Immigration and migratory patterns are a very complicated subject matter. Anybody saying they can understand the issue and have a comprehensive solution that is going to be fitting for everybody, must be taken with a grain of salt.
There is a large number of factors to consider when it comes down to migratory conducts and the way policymakers respond and should respond to a particular problem.
Just because a strategy works – or didn’t work – in one particular case not necessarily means that it is going to yield the same results for all cases under similar circumstances. All we can do is to increase the odds, and odds – like the weather – are sometimes unpredictable.
Dealing with individuals can be erratic. People are not objects who will respond in the same way, shape or form every single time.
Every individual has his or her own mind, their own motives, and different influence factors such as education, background, family, friends, neighbors, and more which all make up for a unique formula. This formula will determine how that individual will respond to a particular problem … most of the time.
When dealing with individuals all we can do is to learn from the past, evaluate the results and come up with a creative solution.
With all that being said, let’s take a look at the immigration patterns through Del Rio after U.S. Customs and Border Protection released the latest figures Tuesday.
To make matters a little more complicated keep in mind that these figures only include individuals who have been detained, since there is no way to count those who have not been detained, both in present and past years.
The number of unaccompanied alien children apprehended in the Del Rio Sector – which includes eight ports of entry between Brownsville and Del Rio – went from 483 in fiscal year to date 2018, to 881 in fiscal year to date 2019. This represents an increase of 82 percent.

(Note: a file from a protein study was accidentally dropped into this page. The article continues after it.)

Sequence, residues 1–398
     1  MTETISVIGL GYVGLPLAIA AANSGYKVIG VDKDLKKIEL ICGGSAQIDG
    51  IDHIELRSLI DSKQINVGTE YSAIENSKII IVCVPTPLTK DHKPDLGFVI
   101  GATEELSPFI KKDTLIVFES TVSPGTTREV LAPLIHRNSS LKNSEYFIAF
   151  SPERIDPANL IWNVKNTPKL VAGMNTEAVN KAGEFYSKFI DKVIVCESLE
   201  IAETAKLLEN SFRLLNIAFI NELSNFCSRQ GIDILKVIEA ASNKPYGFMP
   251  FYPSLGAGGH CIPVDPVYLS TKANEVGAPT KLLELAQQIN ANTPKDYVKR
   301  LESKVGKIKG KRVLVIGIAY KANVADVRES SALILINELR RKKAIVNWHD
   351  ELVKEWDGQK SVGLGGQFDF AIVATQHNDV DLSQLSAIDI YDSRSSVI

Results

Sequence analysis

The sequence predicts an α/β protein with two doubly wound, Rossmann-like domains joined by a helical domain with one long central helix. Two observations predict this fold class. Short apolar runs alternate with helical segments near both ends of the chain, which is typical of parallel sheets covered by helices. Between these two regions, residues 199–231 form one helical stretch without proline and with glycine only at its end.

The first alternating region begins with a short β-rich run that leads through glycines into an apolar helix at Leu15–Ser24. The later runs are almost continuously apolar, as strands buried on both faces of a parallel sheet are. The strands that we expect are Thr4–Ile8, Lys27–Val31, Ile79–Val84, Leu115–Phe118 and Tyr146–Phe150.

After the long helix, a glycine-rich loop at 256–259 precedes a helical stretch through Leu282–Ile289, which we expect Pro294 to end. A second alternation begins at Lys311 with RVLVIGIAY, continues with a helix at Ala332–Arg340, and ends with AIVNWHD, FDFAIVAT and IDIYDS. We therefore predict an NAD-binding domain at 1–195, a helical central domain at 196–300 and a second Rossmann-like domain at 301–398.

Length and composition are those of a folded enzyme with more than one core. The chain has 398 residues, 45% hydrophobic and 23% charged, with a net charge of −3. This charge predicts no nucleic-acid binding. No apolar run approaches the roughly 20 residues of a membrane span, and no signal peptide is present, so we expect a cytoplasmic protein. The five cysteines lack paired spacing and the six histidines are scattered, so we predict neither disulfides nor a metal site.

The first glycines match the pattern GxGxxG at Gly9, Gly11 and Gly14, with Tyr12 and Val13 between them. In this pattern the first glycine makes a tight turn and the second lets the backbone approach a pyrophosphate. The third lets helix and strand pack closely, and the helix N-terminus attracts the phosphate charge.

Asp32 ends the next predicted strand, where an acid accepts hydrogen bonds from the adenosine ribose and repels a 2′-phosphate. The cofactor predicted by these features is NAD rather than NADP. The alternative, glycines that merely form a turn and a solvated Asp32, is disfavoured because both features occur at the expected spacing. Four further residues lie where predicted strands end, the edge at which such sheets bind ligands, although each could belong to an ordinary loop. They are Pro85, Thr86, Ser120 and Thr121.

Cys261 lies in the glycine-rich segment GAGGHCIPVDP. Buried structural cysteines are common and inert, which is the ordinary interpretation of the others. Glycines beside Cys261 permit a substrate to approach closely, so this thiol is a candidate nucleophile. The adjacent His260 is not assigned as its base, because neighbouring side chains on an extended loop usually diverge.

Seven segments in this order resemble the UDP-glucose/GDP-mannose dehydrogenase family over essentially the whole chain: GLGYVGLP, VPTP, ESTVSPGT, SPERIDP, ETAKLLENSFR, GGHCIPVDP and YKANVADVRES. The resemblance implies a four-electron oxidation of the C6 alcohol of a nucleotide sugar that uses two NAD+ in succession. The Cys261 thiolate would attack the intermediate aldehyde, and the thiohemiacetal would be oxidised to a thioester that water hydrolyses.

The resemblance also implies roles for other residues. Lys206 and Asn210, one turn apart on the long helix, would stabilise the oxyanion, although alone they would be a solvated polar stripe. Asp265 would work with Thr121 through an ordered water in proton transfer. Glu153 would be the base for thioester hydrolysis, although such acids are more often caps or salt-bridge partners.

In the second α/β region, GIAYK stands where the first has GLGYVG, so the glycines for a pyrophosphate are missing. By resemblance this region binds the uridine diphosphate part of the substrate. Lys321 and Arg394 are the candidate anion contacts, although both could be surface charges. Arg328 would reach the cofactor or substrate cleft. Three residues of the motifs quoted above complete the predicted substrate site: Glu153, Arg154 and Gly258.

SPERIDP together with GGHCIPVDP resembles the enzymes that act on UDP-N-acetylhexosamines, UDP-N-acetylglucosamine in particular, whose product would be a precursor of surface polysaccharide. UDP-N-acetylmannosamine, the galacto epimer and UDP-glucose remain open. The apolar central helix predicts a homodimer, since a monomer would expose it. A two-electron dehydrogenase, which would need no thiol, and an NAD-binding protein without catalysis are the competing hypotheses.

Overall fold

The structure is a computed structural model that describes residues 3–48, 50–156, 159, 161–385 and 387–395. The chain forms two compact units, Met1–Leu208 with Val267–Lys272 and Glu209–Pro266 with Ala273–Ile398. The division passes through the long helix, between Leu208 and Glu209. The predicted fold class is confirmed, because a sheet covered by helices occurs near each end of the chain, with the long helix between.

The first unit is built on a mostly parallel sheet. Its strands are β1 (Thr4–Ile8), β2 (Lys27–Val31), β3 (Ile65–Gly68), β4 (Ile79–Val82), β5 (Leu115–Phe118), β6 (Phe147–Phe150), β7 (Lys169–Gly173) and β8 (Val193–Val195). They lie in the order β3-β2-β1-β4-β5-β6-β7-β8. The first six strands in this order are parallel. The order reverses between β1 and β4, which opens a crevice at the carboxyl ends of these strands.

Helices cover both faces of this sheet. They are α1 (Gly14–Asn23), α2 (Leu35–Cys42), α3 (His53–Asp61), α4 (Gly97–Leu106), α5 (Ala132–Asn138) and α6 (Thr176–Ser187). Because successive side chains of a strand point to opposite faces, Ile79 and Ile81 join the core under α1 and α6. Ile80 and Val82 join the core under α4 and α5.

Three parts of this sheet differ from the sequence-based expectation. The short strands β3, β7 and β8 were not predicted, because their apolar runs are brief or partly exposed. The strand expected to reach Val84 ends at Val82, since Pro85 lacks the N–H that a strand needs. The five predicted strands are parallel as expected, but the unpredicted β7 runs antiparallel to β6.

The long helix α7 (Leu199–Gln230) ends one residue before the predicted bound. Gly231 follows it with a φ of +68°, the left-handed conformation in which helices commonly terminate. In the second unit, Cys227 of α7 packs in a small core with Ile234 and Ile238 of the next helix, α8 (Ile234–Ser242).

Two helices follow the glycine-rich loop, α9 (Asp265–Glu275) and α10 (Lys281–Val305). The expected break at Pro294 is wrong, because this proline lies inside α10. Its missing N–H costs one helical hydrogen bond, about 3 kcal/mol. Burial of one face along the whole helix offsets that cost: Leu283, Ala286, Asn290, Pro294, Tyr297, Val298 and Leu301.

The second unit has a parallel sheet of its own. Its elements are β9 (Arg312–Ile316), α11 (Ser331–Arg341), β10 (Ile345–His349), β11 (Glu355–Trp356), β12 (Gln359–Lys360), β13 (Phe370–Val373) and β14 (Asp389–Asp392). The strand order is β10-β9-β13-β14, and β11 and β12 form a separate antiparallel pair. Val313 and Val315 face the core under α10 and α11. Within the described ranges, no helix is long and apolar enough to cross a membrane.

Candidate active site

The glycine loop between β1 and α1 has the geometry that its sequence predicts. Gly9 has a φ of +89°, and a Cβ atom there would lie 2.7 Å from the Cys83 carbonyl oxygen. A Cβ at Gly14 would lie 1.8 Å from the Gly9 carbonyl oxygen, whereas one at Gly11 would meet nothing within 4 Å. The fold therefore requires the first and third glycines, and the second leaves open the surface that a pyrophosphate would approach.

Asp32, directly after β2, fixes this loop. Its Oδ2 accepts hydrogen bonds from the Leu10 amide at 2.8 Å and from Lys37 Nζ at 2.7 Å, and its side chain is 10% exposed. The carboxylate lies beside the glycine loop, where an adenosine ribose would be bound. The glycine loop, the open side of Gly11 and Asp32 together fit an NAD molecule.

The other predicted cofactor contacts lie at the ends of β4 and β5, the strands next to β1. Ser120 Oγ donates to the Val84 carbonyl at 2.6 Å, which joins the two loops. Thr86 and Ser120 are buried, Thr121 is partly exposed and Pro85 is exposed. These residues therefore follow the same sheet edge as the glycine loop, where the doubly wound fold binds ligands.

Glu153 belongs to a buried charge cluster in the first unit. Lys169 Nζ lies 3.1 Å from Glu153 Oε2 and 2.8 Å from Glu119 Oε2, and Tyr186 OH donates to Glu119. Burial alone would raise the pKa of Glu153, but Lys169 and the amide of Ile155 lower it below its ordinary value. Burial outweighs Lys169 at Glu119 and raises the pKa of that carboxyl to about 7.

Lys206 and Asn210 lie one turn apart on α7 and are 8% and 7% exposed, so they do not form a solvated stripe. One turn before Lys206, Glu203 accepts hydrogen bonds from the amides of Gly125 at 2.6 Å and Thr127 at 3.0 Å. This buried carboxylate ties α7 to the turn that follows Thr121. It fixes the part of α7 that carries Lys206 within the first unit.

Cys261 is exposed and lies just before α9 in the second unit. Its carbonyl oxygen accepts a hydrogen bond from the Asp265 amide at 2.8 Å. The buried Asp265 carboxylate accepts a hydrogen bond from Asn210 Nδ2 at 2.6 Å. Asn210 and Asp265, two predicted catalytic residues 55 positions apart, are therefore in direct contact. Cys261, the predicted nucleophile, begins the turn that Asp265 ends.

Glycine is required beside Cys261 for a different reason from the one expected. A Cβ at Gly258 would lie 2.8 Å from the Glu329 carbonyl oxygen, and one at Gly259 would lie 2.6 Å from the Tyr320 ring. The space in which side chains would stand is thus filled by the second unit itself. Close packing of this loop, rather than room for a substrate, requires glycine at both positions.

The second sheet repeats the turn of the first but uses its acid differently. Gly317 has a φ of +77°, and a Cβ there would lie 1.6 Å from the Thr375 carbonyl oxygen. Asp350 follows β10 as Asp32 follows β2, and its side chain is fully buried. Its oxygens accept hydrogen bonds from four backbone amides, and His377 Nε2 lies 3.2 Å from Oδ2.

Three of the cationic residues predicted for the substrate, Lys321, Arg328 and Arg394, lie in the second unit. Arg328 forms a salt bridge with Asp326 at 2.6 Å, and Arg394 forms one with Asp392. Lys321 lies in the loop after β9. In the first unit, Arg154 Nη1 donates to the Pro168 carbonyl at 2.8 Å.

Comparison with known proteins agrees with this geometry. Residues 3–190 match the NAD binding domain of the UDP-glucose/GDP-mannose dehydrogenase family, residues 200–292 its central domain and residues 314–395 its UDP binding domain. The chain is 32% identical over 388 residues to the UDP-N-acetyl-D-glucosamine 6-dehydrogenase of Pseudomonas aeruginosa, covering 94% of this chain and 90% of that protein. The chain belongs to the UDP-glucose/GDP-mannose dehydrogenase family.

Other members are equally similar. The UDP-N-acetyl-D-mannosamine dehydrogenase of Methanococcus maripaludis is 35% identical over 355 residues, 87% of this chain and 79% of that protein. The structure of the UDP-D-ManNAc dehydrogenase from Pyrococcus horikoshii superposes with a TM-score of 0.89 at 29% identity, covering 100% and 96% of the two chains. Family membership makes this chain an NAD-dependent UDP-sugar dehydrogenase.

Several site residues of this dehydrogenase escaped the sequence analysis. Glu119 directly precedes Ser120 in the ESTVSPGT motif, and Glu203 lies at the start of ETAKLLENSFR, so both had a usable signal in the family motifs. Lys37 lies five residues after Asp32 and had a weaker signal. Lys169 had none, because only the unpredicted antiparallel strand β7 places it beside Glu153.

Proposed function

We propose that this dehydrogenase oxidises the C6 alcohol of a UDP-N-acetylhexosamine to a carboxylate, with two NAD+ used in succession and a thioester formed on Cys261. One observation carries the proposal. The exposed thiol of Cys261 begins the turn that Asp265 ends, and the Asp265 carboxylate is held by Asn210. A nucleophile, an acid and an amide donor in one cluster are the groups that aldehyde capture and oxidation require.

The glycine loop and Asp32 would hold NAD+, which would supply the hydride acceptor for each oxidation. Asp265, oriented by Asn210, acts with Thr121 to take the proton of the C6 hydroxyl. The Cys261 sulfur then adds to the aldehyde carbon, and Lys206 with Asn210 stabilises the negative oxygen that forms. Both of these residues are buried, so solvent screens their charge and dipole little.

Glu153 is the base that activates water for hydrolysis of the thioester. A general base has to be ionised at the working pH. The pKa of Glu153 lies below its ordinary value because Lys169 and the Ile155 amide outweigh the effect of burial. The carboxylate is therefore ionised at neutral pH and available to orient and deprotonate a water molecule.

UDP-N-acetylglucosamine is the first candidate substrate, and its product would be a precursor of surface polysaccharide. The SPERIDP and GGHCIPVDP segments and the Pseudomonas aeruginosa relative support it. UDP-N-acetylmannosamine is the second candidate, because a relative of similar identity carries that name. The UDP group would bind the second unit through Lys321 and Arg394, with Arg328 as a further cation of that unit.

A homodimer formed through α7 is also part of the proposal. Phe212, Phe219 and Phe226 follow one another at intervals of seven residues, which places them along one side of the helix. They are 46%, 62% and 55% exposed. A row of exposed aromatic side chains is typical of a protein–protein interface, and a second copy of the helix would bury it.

These figures could be interpreted as if the number of undocumented unaccompanied children coming to America has nearly doubled, that the children from other ports of entry are shifting toward Del Rio, or that the number of children who slip through the cracks unapprehended has decreased.
The U.S. Border Patrol Southwest region is comprised of nine sectors between Texas and Arizona, and in those regions three have recorded lower number of unaccompanied alien children apprehensions, the number has increased considerably in each one of the other six regions.
Confusing? Well, hold on to your seats because these figures only represent the tip of the iceberg.
The family unit apprehensions, which represent the number of individuals (either a child under 18, parent or legal guardian) apprehended with a family member by the U.S. Border Patrol went in the Del Rio Sector from 933 in FYTD 2018, to 5,569 in FYTD 2019, this is a whooping 497 percent increase.
So, does this mean that people wanting to come illegally into the U.S. are flooding the borders?
Or than more and more people are now being detained?
Is it that now more people are being detained by the Border Patrol rather than seeking asylum through the ports of entry?
A lot has been said but more needs to be said, evaluated and learned from.
A new Dollar General store has opened in Del Rio.
The small store setting has found the perfect niche on Cienegas Road, near the industrial park. It is always good to see companies bringing new jobs and investments to Del Rio.
Don’t forget the Del Rio Chamber of Commerce annual banquet and awards ceremony tonight at the Del Rio Civic Center.
The event and the program look very promising.
Do you like BINGO? Stay tuned, we have good news for you starting Sunday.
Rubén Cantú has been a journalist since 1995. He is the managing editor of the Del Rio News-Herald. Contact him at firstname.lastname@example.org